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Article
Publication date: 24 January 2018

Manish Kumar, Hemang Jauhari, Rani S. Ladha and Niti Shekhar

This paper aims to study gender differences on six organizational climate variables. Employees’ views on their identification level, clarity of goals, perceived equity…

Abstract

Purpose

This paper aims to study gender differences on six organizational climate variables. Employees’ views on their identification level, clarity of goals, perceived equity, welfare measures and outward focus of the organization were solicited in two different studies, while supervisors’ views on subordinates’ deviant behavior was explored in one of the studies.

Design/methodology/approach

The research design incorporated getting data using a questionnaire from two large organizations in India: a government utility and a private sector company. In all, 545 responses from government utility and 8,853 responses from the private company were analyzed, which formed the basis for this study.

Findings

The paper demonstrates that gender differences in employee perceptions are not only socially determined for some variables but in fact may also depend on the organizational structural contexts in presence of explicit supporting policies. Gender differences in identification level and goal clarity were determined by larger social context in the absence of any structural arrangement in both organizations. However, gender differences regarding perceived climate of welfare measures, outward focus of the organization and fairness were contingent on the structural context of the two organizations on account of differing arrangements in both the organizations. Also, women participants were perceived by their supervisors to indulge less in deviant behavior as compared to male participants in one of the study.

Research limitations/implications

Although this research includes only two organizations and the findings may, thus, not be generalizable, a key finding that emerges is that to balance the needs of both genders, managers may need to be cognizant of both organizational and social contexts.

Originality/value

To the best of the authors’ knowledge, this study is first to consider a detailed analysis of organizational climate with respect to gender perception particularly in the Indian context. The context of the study in two structurally different large organizations further adds to the value of this research.

Details

Gender in Management: An International Journal, vol. 33 no. 3
Type: Research Article
ISSN: 1754-2413

Keywords

Content available
Article
Publication date: 7 September 2015

S.K. Shanthi, Sanjoy Sircar and K. Srinivasa Reddy

Abstract

Details

International Journal of Commerce and Management, vol. 25 no. 3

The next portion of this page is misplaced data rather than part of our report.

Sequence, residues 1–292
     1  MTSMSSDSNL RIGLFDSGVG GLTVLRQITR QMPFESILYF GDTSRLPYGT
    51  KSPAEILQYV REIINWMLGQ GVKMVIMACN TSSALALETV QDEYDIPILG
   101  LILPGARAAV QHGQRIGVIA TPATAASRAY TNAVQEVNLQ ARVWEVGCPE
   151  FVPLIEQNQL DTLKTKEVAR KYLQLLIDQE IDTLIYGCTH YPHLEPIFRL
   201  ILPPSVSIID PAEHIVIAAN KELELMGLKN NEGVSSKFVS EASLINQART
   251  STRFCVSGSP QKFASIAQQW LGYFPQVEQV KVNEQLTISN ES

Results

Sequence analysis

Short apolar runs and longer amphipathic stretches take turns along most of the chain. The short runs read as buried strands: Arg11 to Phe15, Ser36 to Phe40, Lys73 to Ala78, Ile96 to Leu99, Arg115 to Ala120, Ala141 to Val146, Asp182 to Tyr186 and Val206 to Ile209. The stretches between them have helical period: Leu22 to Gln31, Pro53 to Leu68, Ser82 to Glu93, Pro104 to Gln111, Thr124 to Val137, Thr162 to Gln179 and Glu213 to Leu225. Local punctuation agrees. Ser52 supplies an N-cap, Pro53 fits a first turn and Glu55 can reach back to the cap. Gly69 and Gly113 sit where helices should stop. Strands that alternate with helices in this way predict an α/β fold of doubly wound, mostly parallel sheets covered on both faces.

Type: Research Article
ISSN: 1056-9219

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Article
Publication date: 30 September 2014

Abhilash Sreekumar Nair and Rani Ladha

– The purpose of this paper is to identify underlying characteristics of Indian investors that influence them to achieve their non-economic investment goals.

Abstract

Purpose

The purpose of this paper is to identify underlying characteristics of Indian investors that influence them to achieve their non-economic investment goals.

Design/methodology/approach

The conceptual model posits that investors’ choice of non-economic goal (NEG) is determined by their values and beliefs which are measured through survey data collected from 342 respondents with prior experience of investing in the stock market. A structural equation model is specified to estimate the measurement model. Further, the study analyses the mediating effect of social investment efficacy on the impact of investors’ values and beliefs and their pursuit of non-economic investment goals.

Findings

Religiosity and the belief that one’s actions can bring about a change in the society are the two important determinants of Indian investors’ pursuit of non-economic investment goal.

Research limitations/implications

The model ignores aspects of an investor’s financial stability that may influence the urge to pursue non-economic investment goals.

Practical implications

Socially responsible (SR) funds with investment filters designed to propagate religious values of Indian investors can be designed. As a result, it should be possible to channelize a part of the more than $15 billion available in different religious institutions across the country into the capital market.

Social implications

Availability of SRI funds would provide investors with yet another avenue invest in companies that conform to their protected values.

Originality/value

This is the first study that attempts to study investor characteristics (values and beliefs) and its impact on investor’s NEG in the Indian context.

Details

Corporate Governance, vol. 14 no. 5
Type: Research Article
ISSN: 1472-0701

Keywords

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